Friday, January 29, 2010

Where are they? Finding Your Target Market

You've got a great product. People are telling you to get out there and sell it. You've joined Etsy, eBay, Amazon or the like and have posted numerous items. Problem is, you aren't making as many sales as you'd like.

The foundation for all selling - branding, advertising, strategy - is the consumer. If they aren't convinced to buy, they won't buy it. If they don't like it, they won't tell their friends about it. And if they don't tell their friends, you'll never get sales by word of mouth.

Don't worry, you aren't the only person with this problem. Every major corporation today has this problem. Coke wants people buy more Coke. Adidas wants you to quit buying Nike. Convincing a consumer to make the decision to buy your product is a challenge. You have to get inside of their heads - and that's the trouble.

Etsian artrageousclay asked for help in defining her target market. The easiest place to start is your past sales. If you don't have any previous sales, ask yourself where you might get sales when answering these questions.

Are your customers primarily male or female?
If your customers are mostly female, then you're in luck. Women make up 85% of purchasing decisions in a household. Men and women shop in very different ways. Men usually know exactly what they want and go to the store to pick up that specific item. Women are more likely to browse and enjoy the experience of shopping. (For more on Men vs. Women, see the link Men Buy, Women Shop).

How old are your customers?
Professional advertising agencies typically break their customers into these age groups:
  • Under 18
  • 18 - 24
  • 25 - 35
  • 35 - 45
  • 45 - 55
  • 55+
You might be more familiar with these age groups if you think of it terms of generations - the Baby Boomers, Generation X, Generation Y, and beyond. Our Etsian said she made sales to all age groups. What I would encourage her to do is to think about what attracts each age group to a specific product. Maybe young teenagers buy the outrageous, wild pieces to make a statement? Maybe the older women buy unique beads to match what they wear to work? Think about the broader implications of how age affects a purchase.

Where do your customers live?
Selling online, where you customers may not seem like a big deal. But it is! Look at what regions your customers live in. Also determine if they are city-dwellers, rural, or suburban. If you are selling very traditional crafts, target the Midwest. If you sell urban chic, target Ann Arbor, New York, and L.A. You'll know if you have hit a hot spot if sales repeatedly come from the same geographic area. (For an in-depth look, try reading about creative cities in Richard Flordia's Book.)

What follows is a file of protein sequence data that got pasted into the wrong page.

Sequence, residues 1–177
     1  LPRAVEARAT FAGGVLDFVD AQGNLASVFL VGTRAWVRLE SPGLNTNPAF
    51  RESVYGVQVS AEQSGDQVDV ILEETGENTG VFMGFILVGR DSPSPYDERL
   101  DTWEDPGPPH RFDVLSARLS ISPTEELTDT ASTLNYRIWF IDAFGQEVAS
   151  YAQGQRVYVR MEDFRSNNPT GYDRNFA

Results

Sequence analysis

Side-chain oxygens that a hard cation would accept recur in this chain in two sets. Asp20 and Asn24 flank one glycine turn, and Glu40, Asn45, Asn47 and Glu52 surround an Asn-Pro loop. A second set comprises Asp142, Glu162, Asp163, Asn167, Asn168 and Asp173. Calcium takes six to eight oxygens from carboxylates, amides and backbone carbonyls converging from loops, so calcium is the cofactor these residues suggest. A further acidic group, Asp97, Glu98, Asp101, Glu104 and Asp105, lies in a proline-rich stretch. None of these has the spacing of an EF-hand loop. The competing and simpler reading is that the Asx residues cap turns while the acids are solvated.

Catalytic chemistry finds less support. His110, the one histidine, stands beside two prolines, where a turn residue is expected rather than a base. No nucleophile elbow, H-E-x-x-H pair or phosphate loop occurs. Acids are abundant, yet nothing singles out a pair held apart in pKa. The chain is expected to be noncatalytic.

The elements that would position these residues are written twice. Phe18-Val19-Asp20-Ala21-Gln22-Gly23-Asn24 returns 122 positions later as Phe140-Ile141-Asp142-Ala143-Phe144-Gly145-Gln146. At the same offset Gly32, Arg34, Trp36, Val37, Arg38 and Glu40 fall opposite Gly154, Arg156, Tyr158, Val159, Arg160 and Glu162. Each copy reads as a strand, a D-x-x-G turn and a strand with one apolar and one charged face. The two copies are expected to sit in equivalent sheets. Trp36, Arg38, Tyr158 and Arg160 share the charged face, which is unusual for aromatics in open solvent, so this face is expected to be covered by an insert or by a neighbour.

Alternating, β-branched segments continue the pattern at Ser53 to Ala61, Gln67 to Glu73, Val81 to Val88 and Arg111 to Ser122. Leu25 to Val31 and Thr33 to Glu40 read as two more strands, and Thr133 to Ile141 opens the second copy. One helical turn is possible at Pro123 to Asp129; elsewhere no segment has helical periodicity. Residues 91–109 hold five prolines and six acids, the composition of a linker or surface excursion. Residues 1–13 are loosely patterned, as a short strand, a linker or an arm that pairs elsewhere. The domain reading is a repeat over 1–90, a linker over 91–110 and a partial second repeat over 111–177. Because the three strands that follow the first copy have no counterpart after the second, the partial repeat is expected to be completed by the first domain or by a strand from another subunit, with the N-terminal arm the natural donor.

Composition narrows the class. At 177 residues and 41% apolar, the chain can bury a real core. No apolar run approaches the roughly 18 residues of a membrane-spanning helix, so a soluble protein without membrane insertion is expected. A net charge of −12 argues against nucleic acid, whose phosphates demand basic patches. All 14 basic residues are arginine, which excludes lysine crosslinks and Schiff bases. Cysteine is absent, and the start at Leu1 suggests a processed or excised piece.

Where do your customers work? Or, What do they do for a living?
Again, examine your previous sales. You may not know everyone's professions, but look for keys in your customer's sign-in names, profiles, etc. Are you seeing teachers? doctors? lawyers? stay-at-home moms? Now you know what shops to target for retail sales and what publications to advertise in.

How much do they make?
Income affects purchasing decisions. One ad agency found that low-income families are the last ones to cancel cable during a recession. Why? Because cable is sometimes the only form of entertainment the family can afford. Income can surprise you because what one person views as a need, another person will view as a splurge.

Think of any other aspects of their lives that would affect a purchase.
For my shop, it boils down to readers. If you like to read, you probably need a place to store all of your reading materials that pile up around the house. If you don't want to read, well, a pillow with a pocket is somewhat useless. It's like this: If you sell house siding, then you want to target people with houses. I had a retailer try to sell me house siding for two years in college. They called at least once a month. Not once did they make a sale - I lived in a dorm!

Once you have answered these questions, put it all together into a group. For example:

The Urban Mom: She is between the ages of 25 - 35 and has several children at home. She lives in a suburb based around a large city, such as Chicago, New York, or Seattle. She likes to be trendy, but needs to be practical in order to keep up with her busy life. The Urban Mom works part-time right now, but hopes to re-enter the workforce and wants to keep up with her business skills. She used to make over $50,000, but now she makes about $25,000 since she cut-back her hours at work. Her husband makes over $75,000 and helps support her family.

That was hypothetical - don't rely on it! But now you can see how these questions, when pieced together, puts a face on your elusive target market.


Questions? Comments?



1 comment:

  1. Wow this is good I will be back. Great blog and lots of great info.

    Thank you
    Debra

    ReplyDelete

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